Five steps in starting a side business

One of the stark realities that face the everyday person is that they have to be proactive in seeking ways to generate additional income.

Whether this is through a side hustle or even starting a focused business, we need to settle with the language, tools and processes of starting alternative and agile businesses that address the problems arising out of the Covid-19 challenge.

I would like to offer five thoughts about starting a business, particularly with the uncertainties that prevail because of the challenge.

Start small

I wonder if you have heard of the book, How to Win Friends and Influence People.

It is a self-help book written by Dale Carnegie, published in 1936. Over 30 million copies have been sold worldwide, making it one of the best-selling books of all time.

In 2011, it was number 19 on Time Magazine’s list of the 100 most influential books.

Yet this huge hit had small beginnings.

Here’s what he says about its starting point: “I prepared a short talk. I called it ‘How to Win Friends and Influence People.’ I say ‘short.’ It was short in the beginning, but it soon expanded to a lecture that consumed one hour and 30 minutes.”

After giving this talk for some time, Carnegie found that the attendees started discussing their experiences and some “rules” emerged.

Eventually the talk became a course, and there was a need for a textbook of sorts.

“We started with a set of rules printed on a card no larger than a postcard. The next season we printed a larger card, then a leaflet, then a series of booklets, each one expanding in size and scope. After 15 years of experimentation and research came this book.”

I found that astonishing – the book came out of a short talk and a few notes on a postcard-sized piece of card. Interestingly, I think a lot of the really big successes we see around us, started like this.

Solve a problem or meet a need

The Covid-19 challenge, and its aftermath, will be with us for some time to come.

It has no respect for geographical or economic boundaries. All have been impacted in some way or fashion.

Yet with the many challenges, there are a few new opportunities that beckon.

The reason? Because now we all face new problems, be it educating kids at home, the need for protective equipment, or even how to operate remotely from home.

These very real problems constitute opportunity to start a business that efficiently addresses the problem and also provides a reasonable income.

My daughter-in-law runs a lovely photographic business focusing on new-borns and their parents.

The lockdown in the UK prevents her from carrying on in the same way. But parents still want to capture the memories of their kids.

So in meeting this new problem or need, she now photographs them from the gate with the kids and parents in the doorway of the home. (She calls it “This is us”).

She is satisfying an inherent need for social contact (photo) but still obeying the lockdown parameters.

Find a customer

One of the classic mistakes that budding entrepreneurs frequently make is to work hard on producing a product or service, and then to look for a customer. That really is putting the cart before the horse.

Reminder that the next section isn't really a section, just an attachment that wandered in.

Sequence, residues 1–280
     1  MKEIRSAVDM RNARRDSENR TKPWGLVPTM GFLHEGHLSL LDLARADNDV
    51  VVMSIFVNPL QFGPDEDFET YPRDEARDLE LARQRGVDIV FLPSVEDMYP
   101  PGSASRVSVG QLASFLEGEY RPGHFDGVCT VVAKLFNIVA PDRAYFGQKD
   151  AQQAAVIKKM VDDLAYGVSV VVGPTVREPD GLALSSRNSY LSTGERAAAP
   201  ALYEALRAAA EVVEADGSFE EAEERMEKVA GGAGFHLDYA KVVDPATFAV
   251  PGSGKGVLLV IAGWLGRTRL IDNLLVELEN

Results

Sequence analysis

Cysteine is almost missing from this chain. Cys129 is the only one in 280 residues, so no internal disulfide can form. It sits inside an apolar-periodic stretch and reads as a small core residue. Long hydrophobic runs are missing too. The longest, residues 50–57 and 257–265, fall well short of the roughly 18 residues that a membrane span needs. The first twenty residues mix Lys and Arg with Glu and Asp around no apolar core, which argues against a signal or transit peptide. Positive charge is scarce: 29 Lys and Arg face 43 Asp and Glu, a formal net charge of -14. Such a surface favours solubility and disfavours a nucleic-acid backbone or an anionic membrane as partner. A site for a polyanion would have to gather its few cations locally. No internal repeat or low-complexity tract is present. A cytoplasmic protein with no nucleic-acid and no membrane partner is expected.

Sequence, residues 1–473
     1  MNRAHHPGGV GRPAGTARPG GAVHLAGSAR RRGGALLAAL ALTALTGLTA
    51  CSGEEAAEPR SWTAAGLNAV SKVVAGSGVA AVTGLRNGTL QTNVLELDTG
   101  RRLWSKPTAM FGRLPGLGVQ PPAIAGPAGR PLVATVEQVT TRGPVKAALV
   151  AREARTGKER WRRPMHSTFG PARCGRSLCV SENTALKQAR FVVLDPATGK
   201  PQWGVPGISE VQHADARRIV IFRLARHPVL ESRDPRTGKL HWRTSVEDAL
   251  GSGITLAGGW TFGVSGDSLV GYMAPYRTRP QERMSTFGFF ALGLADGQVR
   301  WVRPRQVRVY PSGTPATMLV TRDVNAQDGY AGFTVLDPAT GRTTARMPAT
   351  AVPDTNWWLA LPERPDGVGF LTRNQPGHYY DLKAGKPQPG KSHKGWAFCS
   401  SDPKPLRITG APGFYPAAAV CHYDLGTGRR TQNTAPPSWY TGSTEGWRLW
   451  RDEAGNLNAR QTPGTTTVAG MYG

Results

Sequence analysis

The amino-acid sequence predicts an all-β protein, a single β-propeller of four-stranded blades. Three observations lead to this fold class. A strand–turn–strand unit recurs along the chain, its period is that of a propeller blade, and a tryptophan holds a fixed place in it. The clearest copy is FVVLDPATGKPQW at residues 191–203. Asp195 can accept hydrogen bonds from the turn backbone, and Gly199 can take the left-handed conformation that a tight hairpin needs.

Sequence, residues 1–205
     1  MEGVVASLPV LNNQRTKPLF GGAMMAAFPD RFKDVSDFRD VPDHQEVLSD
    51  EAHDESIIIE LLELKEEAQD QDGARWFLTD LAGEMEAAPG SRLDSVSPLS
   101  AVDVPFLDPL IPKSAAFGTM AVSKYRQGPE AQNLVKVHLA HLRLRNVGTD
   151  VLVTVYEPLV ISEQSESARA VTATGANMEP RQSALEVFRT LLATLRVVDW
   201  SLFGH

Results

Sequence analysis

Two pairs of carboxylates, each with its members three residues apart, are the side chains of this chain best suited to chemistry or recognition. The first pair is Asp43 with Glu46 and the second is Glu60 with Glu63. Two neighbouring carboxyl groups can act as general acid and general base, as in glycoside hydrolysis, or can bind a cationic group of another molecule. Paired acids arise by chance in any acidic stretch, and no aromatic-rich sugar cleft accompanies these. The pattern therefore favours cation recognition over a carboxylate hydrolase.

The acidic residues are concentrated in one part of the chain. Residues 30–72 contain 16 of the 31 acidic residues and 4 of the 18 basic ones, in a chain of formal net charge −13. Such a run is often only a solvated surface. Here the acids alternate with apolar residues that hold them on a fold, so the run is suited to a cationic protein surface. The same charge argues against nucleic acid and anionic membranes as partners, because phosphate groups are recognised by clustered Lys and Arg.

By understanding the problems that people face now, or having an insight into their felt needs, the astute entrepreneur can start with the identified group, find a probable customer and build the product/service to suit them.

At our incubator we hold that unless you have a paying customer, you haven’t got a business. So, start with the customer.

Seek feedback

If you start with solving a problem or meeting a need, and go onto find, keep and build a customer, you are in a great position to get feedback on your product or service.

That feedback will influence how you improve and adjust the product or service.

I aim to launch my book in June, and have been getting feedback from a variety of quarters for this very purpose.

The most recent feedback is to help nail the best cover design for the book. Yes, it takes some time, but the feedback is from those who may be future customers and so their feedback is gold.

In a similar way, push for feedback that can help make your product/service stronger, more appealing and impactful.

Speak about it

There are many free ways to promote your business offering to your target audience.

Explore what you can use for free. Investigate which platforms will work for you.

Even though social networks are essential today, don’t underestimate the power of other methods to get the word out: word-of-mouth marketing, website and internet marketing tools, public relations, blog posts, columns and articles, speeches, email, newsletters and calling folk.

I mentioned that I am close to launching a book, but the journey began 10 years ago when I started a blog for the 16 beneficiaries at the incubator I was leading.

This group has grown to a much broader audience with enough “raw material” to compile a book of real people on an entrepreneurial journey.

And that all started by my speaking about it.

How can you let your chosen audience know about your product/service?

You will be amazed just what is available to assist you. Stay strong!

Steve Reid is the manager of the Centre for Entrepreneurship at False Bay College. Contact him on Steve.Reid@falsebay.org.za